Malbec Wines

Michael Kraus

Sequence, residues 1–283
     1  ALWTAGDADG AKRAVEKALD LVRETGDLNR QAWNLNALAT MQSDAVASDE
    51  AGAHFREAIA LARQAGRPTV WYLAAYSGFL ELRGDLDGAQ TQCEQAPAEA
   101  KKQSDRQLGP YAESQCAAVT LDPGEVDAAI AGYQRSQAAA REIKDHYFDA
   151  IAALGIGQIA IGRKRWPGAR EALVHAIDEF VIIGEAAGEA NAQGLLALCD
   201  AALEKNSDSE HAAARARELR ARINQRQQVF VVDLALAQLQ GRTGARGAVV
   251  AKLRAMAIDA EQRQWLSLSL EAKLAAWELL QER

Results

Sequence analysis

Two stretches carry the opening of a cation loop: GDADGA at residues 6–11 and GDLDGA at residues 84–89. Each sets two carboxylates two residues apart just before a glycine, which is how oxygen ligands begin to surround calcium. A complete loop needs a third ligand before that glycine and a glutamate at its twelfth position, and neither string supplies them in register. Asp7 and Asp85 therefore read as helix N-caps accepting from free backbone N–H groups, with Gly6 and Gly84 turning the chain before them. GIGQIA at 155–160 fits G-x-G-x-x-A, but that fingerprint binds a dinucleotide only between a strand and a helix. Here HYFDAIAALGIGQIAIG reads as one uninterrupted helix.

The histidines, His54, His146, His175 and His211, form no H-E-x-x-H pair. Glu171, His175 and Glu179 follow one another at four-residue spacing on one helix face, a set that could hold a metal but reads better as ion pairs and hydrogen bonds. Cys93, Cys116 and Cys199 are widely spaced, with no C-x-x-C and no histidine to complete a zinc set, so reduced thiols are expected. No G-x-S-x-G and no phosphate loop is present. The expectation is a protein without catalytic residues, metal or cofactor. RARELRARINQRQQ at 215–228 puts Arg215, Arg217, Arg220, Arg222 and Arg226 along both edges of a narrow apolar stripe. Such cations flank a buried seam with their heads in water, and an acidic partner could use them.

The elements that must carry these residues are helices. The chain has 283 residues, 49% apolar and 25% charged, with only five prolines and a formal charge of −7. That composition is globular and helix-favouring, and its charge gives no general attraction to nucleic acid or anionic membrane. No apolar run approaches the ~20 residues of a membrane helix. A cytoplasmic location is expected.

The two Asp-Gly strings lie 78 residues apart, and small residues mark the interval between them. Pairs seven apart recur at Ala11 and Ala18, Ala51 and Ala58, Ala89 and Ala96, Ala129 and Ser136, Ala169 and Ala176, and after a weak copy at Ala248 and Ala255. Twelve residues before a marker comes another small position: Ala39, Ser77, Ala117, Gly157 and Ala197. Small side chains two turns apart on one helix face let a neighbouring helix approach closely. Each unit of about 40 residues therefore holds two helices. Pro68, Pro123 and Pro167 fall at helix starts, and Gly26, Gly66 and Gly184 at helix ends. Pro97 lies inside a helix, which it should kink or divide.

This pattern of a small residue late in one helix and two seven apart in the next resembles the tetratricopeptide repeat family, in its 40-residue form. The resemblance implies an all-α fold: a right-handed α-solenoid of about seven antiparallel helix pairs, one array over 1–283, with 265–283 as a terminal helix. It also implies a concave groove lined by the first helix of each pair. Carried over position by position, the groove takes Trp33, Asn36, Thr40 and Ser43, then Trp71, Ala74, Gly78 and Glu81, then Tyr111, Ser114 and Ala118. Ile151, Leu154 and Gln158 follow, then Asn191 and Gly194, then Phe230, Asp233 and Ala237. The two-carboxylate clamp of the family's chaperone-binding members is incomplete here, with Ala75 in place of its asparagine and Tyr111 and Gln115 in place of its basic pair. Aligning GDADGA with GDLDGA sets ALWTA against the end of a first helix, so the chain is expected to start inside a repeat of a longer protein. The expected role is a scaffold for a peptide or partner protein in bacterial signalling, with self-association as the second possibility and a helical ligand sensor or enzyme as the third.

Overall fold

I tried my first malbec two years ago, when the waiter at a restaurant suggested one of the Argentine wines on the list. There was something mesmerizing about that dense red wine, so full of dark fruit flavors. It wasn't like any other I'd tasted. The malbec grape originally came from France, where it was mostly used in blended wines, but the Argentines and, more recently, Chileans—helped by fertile soil and dry climates—have mastered this varietal, bringing out its best qualities. You can enjoy it for much less than wines made from fruit with more-famous names like cabernet and pinot noir. Viu Manent, Catena, Crios de Susana Balbo, Tilia, and Doña Paula are just a few of the producers I've come to appreciate. I love both their young malbecs, which often taste of black currant, and their older ones, which have notes of anise and truffle. Even with all those flavors and aromas, the best malbecs are always soft, lush, and balanced. —Rachel Tucker, Austin, Texas